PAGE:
Confess, Apologize, Ask Forgiveness–What’s the Difference?

Over the years, after coming clean with my wife and working with other men who want to make a change in their marriages by dealing with hidden sin and its consequences, I have found time and again that folks don’t know the difference between asking forgiveness and apologizing, or just telling a story and confessing sin. I think it is extremely important to use the right words and phrasing when working on reconciliation with someone you have sinned against. Using specific words and asking specific things transforms your thinking, and very much indicates whether or not you are taking Personal Responsibility for your sin.

As an example, I could go to my wife, take her hand, look her in the eyes and say, “Honey, I need to tell you…yesterday I went to a pornographic website and watched movies for a couple of hours.” It is surprising how many men think that qualifies as a confession, and they expect to hear, “I forgive you,” as a response. On the contrary–I did not even confess to my wife, much less ask her to forgive me! I just gave her a recital of facts.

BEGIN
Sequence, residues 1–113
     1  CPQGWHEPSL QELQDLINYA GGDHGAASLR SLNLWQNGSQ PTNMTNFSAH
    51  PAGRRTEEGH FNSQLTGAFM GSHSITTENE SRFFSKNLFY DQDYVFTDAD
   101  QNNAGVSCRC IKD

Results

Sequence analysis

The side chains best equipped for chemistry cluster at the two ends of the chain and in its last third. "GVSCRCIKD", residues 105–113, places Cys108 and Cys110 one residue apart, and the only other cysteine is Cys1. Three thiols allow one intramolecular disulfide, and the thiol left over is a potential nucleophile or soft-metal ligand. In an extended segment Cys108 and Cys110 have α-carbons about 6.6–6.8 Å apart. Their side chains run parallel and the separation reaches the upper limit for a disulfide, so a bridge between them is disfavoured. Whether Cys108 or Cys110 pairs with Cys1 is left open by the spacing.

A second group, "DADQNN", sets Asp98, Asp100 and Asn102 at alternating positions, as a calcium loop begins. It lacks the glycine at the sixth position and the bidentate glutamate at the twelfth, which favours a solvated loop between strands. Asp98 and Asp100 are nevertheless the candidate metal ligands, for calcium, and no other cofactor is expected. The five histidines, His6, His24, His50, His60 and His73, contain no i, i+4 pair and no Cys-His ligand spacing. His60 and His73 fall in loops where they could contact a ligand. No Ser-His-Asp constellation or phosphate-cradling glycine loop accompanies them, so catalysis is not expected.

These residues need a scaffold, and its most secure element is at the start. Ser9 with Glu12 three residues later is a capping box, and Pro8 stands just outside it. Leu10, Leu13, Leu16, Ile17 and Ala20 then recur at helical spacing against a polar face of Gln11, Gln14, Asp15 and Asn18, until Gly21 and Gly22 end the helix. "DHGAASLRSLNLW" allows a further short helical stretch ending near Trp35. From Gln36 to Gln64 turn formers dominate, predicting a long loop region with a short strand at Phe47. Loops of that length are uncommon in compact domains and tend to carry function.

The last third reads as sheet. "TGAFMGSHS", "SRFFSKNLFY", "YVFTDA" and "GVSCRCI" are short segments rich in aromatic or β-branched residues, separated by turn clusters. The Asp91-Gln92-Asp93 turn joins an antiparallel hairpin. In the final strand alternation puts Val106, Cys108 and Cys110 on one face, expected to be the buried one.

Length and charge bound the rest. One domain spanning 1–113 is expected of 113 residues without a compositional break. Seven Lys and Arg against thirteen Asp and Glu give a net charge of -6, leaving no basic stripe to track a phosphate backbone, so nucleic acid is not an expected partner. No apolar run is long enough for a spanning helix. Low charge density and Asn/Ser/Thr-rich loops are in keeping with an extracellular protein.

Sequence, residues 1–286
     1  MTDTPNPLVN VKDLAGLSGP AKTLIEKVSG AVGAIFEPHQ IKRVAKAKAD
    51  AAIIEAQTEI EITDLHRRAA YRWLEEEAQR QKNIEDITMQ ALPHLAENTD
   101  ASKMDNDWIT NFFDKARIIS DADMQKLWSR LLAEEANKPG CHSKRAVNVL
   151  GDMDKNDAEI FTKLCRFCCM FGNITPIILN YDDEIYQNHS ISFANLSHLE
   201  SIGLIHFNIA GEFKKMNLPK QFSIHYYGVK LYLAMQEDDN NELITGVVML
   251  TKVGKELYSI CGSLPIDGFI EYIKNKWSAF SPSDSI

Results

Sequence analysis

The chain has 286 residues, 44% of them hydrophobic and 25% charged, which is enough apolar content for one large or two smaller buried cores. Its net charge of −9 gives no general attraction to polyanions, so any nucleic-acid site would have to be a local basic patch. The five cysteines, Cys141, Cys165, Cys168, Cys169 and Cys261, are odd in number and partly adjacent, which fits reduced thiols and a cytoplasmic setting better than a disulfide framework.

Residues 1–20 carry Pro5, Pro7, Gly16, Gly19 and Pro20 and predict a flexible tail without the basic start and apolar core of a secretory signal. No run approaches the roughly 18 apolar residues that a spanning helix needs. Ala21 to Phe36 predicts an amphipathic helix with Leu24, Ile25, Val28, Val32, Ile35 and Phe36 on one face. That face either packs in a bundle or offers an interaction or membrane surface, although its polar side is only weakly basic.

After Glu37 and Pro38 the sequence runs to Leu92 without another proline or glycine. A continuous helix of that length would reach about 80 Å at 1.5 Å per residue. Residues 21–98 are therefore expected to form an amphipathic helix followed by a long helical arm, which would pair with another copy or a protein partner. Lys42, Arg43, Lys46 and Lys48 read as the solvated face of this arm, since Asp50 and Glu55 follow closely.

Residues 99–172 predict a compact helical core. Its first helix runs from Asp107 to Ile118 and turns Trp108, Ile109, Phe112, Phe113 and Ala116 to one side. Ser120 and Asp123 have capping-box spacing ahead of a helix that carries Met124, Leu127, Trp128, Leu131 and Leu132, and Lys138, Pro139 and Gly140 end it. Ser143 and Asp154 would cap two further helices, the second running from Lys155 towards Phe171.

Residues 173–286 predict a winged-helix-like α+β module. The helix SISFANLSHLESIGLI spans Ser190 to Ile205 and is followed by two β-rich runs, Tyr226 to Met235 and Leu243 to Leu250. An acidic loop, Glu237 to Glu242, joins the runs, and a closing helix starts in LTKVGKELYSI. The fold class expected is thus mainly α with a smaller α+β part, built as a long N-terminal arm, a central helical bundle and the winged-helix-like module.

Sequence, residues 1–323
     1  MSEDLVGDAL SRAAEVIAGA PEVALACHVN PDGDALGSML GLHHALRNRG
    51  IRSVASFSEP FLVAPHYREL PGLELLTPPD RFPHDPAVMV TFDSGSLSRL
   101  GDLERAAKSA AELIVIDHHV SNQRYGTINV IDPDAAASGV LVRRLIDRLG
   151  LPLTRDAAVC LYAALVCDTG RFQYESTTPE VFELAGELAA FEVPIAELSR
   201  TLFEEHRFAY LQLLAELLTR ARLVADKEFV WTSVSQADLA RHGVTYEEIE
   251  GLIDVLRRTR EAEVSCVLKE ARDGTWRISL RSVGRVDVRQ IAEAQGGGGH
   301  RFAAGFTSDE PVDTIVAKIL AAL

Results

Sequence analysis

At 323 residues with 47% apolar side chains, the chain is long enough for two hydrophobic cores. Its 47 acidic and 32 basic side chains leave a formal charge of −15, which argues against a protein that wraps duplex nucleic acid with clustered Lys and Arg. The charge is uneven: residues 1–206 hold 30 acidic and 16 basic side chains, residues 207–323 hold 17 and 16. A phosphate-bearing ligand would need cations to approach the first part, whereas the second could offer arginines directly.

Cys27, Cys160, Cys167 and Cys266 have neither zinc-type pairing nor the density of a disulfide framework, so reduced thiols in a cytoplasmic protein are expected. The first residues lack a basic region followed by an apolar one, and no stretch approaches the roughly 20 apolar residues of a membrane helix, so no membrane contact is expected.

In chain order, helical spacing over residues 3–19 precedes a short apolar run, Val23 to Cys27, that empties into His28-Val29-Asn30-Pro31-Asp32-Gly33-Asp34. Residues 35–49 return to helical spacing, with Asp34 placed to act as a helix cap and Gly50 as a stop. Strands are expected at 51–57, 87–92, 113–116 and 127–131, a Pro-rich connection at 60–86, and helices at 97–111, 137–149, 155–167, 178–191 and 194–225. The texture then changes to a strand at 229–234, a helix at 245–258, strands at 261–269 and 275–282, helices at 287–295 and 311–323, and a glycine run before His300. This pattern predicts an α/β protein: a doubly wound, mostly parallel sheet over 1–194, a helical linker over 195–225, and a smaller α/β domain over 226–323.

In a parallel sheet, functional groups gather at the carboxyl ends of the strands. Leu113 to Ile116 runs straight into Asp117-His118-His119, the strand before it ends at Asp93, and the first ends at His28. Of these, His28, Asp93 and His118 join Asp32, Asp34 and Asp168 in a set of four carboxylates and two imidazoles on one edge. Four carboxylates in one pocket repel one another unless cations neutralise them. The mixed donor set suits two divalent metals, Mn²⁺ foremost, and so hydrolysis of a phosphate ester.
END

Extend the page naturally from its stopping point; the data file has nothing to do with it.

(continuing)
I look at 1 John 1:9 and the word used for “confess” is ὁμολογῶμεν. The definition/connotation of that Greek term, per Strong’s, is “to say the same thing as another, i.e. to agree with, assent”. It means you agree with God or others regarding what you have done. That goes way beyond just stating what was done. A confession would be, “Honey, I know it was wrong, but yesterday I downloaded and watched a pornographic movie. I betrayed your trust and sinned against you.”  That states what was done and agrees that it was a sin. 

It does not apologize or ask forgiveness for what was done, so it should not expect an “I forgive you” as a response (even though God says he is faithful and just to forgive our sins if we confess them to him). 

Speaking of an apology, what is the difference between apologizing and asking forgiveness?

An apology is saying you’re sorry, such as saying, “I’m so sorry!” Or “My apologies!” when you accidentally run into someone while walking through the store. It is not tied to sin, since an apology does not express having committed one. “Sorry” is an even more dangerous term when dealing with sin because too often it means “I wish I hadn’t done that; I don’t like the backlash.” Sometimes it just means, “I’m sorry I got caught. I’ll be more careful next time.”